by Catherine Gianaro
Ah, the nature of cotton: the soft touch of a fresh bath towel,
the comfort of summer sheets, the gentle gauze covering a nasty wound.
But sometimes even nature needs a little help. Before it gains its tender
qualities, natural cotton must endure harsh chemicals to become absorbent.
That's why Ian Hardin is developing an alternative process that will
save time, energy and environmental injury.
"Most people look at the stains on clothing and just assume that cotton
is naturally absorbent," said Hardin, who heads the textiles, merchandising
and interiors department at the University of Georgia. "But if you take
cotton from a boll, remove the seeds and put it in water, it won't absorb a drop.
It will actually float there for weeks."
Cotton fibers have a waxy outer layer that must be dissolved through a process
called "scouring" before
liquids, such as dyes, can penetrate. Instead of using chemicals to remove
the waxy layer, Hardin turned to enzymes. He experimented with many - most
fruitfully with cellulase and pectinase - in sundry combinations. After each
attempt, he measured the amount of absorption.
"We need to find the truly optimum approach," he said. The goal is
to use the lowest concentration of enzyme for the least amount of time and at
the lowest temperature to achieve the desired degree of absorption. These three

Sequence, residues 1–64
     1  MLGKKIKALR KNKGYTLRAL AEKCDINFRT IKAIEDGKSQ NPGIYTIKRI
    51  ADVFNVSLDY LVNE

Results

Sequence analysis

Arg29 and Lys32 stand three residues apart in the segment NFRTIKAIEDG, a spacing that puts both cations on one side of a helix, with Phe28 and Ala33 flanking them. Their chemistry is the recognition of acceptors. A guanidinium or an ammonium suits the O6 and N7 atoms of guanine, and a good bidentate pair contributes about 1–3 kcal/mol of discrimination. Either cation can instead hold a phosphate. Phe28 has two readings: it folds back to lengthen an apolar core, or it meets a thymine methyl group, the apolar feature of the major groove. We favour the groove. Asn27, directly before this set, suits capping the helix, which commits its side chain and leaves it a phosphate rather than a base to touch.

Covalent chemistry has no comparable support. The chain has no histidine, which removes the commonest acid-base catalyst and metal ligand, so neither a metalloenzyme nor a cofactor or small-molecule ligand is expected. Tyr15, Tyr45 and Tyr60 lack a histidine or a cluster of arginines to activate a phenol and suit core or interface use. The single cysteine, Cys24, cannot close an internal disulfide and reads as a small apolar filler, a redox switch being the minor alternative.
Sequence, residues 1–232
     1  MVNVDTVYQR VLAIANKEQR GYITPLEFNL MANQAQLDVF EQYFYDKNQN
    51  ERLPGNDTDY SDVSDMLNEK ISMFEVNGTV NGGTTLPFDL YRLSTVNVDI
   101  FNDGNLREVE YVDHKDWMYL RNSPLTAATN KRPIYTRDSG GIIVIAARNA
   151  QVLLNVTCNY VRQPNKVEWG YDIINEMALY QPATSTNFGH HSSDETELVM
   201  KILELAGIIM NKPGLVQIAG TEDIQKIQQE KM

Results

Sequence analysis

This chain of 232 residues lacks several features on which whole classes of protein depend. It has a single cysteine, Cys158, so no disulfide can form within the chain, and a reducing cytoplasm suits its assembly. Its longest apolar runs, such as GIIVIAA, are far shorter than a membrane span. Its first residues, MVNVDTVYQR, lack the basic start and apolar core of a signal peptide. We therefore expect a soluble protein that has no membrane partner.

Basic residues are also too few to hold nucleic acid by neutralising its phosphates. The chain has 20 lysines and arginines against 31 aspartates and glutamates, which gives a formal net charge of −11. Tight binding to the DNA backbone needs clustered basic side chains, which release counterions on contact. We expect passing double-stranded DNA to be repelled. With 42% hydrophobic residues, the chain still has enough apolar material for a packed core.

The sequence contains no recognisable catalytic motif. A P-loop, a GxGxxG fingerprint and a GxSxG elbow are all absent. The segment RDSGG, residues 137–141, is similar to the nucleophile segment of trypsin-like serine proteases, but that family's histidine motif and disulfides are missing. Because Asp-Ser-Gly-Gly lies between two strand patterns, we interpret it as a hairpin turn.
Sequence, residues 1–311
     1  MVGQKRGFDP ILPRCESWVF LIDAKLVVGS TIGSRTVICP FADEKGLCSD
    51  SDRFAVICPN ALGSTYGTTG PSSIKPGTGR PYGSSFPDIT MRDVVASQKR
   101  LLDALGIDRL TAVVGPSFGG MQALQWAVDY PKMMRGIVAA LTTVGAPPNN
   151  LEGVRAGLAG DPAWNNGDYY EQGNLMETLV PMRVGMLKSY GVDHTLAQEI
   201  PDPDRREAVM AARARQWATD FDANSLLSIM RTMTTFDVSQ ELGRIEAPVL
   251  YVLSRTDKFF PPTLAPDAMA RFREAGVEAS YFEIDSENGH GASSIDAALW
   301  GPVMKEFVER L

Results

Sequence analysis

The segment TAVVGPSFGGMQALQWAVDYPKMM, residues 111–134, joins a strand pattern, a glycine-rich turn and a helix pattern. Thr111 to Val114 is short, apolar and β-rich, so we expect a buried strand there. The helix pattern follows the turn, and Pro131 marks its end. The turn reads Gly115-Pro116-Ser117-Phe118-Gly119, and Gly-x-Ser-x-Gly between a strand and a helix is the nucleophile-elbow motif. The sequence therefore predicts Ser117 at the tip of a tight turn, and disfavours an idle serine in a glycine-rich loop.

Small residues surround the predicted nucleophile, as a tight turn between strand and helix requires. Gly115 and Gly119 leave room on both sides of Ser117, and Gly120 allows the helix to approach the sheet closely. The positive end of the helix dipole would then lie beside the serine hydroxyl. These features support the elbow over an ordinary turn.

variables - concentration, time and temperature - are the keys to the solution.
Temperature is a main concern because the chemical scouring process requires
high temperatures that demand more energy. "We can do it at a much lower
temperature [with enzymes]," Hardin said. "Knowing that, we can project
substantial energy savings."
Hardin's method also will cut the processing time by more than 90 percent. "Although
it varies with each mill, an hour is not atypical. And we're talking about
changing it to a matter of minutes," he said.
However, the new technique will require close management. "If you allow
these enzymes to continue working, they'll start eating away at the body of
the fiber," he said. "You have to maintain strict control of the
Environmental waste is another concern. The traditional scouring process
is performed with sodium hydroxide, often used in lye to clean drains.
It is extremely
corrosive in a concentrated form because of its high alkaline content. "By
itself, sodium hydroxide is not a problem, but combined with other chemicals
that are used in textile finishing and dyeing, it will increase the overall
inorganic chemical load in a plant's wastewater," Hardin said.
The new process leaves behind organic enzymes, which are proteins. "They're
made up of the same building blocks - essential amino acids - that your mother
said you had to eat when you were growing up," Hardin said. "These
enzymes are much more environmentally benign because they are natural, and
they easily degrade by natural processes."
But all textile waste - even enzymes - must be processed at a biological treatment
plant. Laws require that industries break down organic molecules before they
are released into streams.
"There'll always be some type of treatment because of what environmental
regulations require," Hardin said. "But the current water treatment
will handle the waste from the enzyme process as well. It'll probably cut down
on the environmental load overall, and you certainly won't be creating any more
Hardin's research is the first to suggest that enzymes could be used for
scouring; however, enzymes already have earned a healthy respect in some
of the textile industry. For example, one enzyme, a common protein called amylase,